As always with a Ted Chiang story, “The Truth of Fact, the Truth of Feeling” is a well-thought out idea in smooth style that examines the manner in which technology affects humanity and vice versa. The subject life-logging, Chiang postulates prosthetic memory is inevitable as society marches forward, and, like most other technical advances, has its dark and light sides. Perhaps best described as steampunk horror, “Tanglefoot” by Cherie Priest is a story set in her Clockwork Century world, specifically a sanitorium, a kind of catch-all for people, young and old, left over from the war. Young Edwin likes to visit the workroom of the elderly but innocently demented Dr. Smeeks. Crafting his own inventions while the old man sleeps, Edwin builds a tin boy, and with the winding of a wrench, the creation creaks and totters around the room. Trouble is, it seems the tin boy may not need a wrench. Average stuff, yet written in a lucid hand.
Further proof Rachel Swirsky is one of the best writers of short fiction in the business today, “Dispersed by the Sun, Melting in the Wind” tells of the last two people on Earth after an asteroid has destroyed all else. Subtly a sad story, Swirsky uses structure rather than melodrama to convey the emotion. More an art piece than fiction, “White Lines on a Green Field” by Catherynne M. Valente is 50s’ nostalgia after having undergone a Coyote myth transformation. Salaciously written, but still looking for the substance. Western pulp with a Texas twang, “Hide and Horns” by Joe R. Lansdale tells of a black man’s encounters with the racist residents of the titular town. Lansdale hanging his hat on style, the immature sense of humor will either grab the reader or turn them off.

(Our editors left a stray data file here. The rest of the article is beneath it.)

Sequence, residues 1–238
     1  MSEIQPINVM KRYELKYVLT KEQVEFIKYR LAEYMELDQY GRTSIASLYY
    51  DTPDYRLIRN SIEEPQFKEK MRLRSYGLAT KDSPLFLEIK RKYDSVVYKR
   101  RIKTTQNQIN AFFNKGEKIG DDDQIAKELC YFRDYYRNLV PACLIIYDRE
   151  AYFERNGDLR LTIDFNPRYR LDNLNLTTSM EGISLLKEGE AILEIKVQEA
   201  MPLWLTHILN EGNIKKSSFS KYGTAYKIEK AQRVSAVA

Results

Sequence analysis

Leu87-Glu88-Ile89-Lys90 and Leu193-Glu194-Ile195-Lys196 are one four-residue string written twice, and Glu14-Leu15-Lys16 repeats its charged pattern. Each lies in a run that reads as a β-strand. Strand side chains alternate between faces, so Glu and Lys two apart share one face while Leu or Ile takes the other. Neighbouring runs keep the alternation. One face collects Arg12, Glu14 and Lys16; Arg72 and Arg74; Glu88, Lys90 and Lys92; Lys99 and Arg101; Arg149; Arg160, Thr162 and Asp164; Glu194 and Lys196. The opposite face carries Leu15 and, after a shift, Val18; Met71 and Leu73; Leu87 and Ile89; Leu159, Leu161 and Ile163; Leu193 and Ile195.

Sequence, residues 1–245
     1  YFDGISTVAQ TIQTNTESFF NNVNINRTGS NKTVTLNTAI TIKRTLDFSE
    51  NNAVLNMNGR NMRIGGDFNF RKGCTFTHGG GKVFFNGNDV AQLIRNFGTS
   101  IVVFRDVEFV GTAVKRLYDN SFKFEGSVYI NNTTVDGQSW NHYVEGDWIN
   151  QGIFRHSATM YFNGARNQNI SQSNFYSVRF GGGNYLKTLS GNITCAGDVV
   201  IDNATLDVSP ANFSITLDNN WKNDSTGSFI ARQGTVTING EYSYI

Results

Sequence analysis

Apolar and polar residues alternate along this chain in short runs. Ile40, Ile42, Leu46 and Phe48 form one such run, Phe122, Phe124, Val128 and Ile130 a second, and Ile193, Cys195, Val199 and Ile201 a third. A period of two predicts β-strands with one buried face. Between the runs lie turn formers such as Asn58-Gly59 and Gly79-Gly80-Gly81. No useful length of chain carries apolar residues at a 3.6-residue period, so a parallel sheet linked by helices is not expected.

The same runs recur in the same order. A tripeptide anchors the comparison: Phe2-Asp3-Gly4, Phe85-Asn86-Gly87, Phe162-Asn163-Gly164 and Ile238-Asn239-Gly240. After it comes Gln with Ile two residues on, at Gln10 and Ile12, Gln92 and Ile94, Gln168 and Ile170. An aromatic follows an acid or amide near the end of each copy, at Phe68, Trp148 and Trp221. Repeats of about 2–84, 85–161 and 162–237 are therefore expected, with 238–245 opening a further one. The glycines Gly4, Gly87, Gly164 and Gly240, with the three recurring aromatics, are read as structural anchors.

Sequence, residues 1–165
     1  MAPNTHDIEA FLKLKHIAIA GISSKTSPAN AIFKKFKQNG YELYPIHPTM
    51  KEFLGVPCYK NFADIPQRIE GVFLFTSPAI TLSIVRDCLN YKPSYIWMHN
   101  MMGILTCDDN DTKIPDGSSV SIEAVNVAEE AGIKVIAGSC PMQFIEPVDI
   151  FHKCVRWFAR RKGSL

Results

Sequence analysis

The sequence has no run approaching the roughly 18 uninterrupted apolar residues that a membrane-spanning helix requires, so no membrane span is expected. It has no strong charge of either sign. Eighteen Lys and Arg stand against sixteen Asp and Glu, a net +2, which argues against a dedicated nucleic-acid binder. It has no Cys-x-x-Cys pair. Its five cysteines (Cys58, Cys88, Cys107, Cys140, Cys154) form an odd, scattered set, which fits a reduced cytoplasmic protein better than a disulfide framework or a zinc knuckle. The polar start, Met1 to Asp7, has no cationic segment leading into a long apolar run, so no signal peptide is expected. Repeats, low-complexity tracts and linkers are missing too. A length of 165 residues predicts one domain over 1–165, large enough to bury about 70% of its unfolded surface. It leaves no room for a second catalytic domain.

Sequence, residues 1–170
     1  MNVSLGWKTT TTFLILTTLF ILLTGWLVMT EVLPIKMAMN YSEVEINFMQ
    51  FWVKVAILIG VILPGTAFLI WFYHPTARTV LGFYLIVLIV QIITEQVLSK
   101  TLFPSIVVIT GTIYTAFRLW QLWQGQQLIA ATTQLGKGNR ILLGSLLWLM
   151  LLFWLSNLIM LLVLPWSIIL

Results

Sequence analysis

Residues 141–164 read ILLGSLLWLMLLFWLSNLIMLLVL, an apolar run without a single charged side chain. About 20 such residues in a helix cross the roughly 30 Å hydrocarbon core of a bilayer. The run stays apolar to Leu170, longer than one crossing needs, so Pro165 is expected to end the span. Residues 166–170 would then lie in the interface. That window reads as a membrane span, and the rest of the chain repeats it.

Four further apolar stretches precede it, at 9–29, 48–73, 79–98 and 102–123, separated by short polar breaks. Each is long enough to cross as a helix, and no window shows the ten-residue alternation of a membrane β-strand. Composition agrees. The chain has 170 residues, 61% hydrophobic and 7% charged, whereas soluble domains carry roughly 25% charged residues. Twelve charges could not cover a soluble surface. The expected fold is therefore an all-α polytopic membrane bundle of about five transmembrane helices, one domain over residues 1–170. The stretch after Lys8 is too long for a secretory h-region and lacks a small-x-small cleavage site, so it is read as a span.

A delightfully elegant story, Kat Howard’s “The Least of the Deathly Arts” tells of a Shadow Scholar named Noir and her unexpected love affair with Death. Playing off a fantastical, Dia de Muertos atmosphere, the pleasure of poetry is Death’s bridge across the gap. Taking a turn for the Weird, Kelly Link’s “Valley of the Girls” is a story about the modern life of teens, and the temptations and realities they face on a regular basis. The symbolism may be too much for YA, but the message is strong, relevant. Openly admitted as cutting-room floor material, “The Secret History of the Lost Colony” by John Scalzi is an inconsequential piece of interest only to people who are deep into Scalzi’s Old Man universe. The rest can skip and miss nothing. “Younger Women” by Karen Joy Fowler is decidedly more conventional—in the realistic sense. Written in sharp, intelligent sentences that snap off the page, one evening’s encounter between a snoopy mom and her fifteen-year old’s boyfriend has all the drama one would expect, but thankfully more poignancy.